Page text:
My Mums post about me leaving for UNI
If your child (no longer a child but very nearly an independent adult!) has gone to University, this in itself takes some getting used to. For 18 or 19 years you have had a house full ranging from nappies and toddler tantrums to mascara and teenage tantrums. Now that your house is quiet and you have a thousand times less washing to do (until they turn up once a month with a car boot full) you can breathe a sigh of relief. Or maybe not?
So when they first left home they went into student halls. This was not too bad as there were clear cut finances; you knew they were surrounded on a uni campus where strange and potentially dangerous figures did not frequent the halls quite as often. Now though, their fresher year is up and they are moving on into student housing!
Eeek! This is a completely new sort of terror. Not only do you have to worry about their new surroundings, the good (and sadly bad) influences they surround themselves with, the food they are (or possibly are not) eating, the amount they are drinking etc etc but you also have to worry about their credit rating and the fact that they have real bills to pay. The sort of bills you have been paying your whole life and understand the importance of entirely. But did you do enough? Did you spend enough time teaching them about electricity bills and water rates and managing finances? Did you teach them that food is more important than alcohol? Did you teach them how to cook sufficiently to keep them self alive? This is a whole new world of worry!
So how can you support them at this difficult stage of reaching independence without overshadowing them and stopping them from learning through mistakes? Well it is important that our children follow their own path and learn by mistakes, but we don’t want those mistakes to include creating a bad credit rating for their future if we can help it!
At this stage, it would be ideal to sit down and offer your support – and guidance for this transition. Find out what your child is planning and what they have done so far? Have they viewed properties? Have they considered a budget? Contacted any lettings agencies? If they have not considered a budget, it would be wise to encourage them to do so before moving any further. If they have arranged flatmates already (this is likely one of their priorities and one of the first things they will do) then you will know how many people you are looking to house and therefore what size property you are considering. Once looking into budgetary restrictions and considering how much each student can afford you will then have an idea of what sort of property they will be able to live in. You need to ensure they are aware of this process and what they need to do prior to making any commitments. Discuss any financial failings you have had in your past – show them that mistakes happen and explain how hard they can be. Talk about living on beans on toast!!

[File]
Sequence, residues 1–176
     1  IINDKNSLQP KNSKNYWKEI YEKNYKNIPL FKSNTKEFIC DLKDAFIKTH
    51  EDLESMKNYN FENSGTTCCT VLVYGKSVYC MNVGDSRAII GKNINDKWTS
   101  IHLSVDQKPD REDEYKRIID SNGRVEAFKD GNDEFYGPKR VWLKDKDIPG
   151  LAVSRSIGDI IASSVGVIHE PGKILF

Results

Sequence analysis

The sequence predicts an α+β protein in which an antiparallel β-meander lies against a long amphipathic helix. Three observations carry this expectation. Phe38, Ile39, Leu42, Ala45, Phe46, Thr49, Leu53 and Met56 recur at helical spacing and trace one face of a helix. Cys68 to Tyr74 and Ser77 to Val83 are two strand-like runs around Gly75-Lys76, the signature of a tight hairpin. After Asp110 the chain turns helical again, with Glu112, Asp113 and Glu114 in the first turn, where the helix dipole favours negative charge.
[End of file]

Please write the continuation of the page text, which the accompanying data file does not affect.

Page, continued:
Let your child know that you want them to have fun at uni and without a disposable income they will not have much opportunity to join in with others going out and partying. Talk about your support and financially what they can expect from you. Be honest about ongoing support – if you are going to do a shop online for them each month, tell them now so that they can manage their finances accordingly. If you start doing a shop each month for them and then stop, this can be devastating to them as they will suddenly have to find this cash that you had previously stumped up. It would be far better to surprise them with the odd shop when they are financially really struggling than to leave them starving when you can’t afford to support them!
If they are happy, go with them to lettings agents so you can discuss your concerns and be reassured together. You are not the first parent with these concerns and you will most certainly not be the last!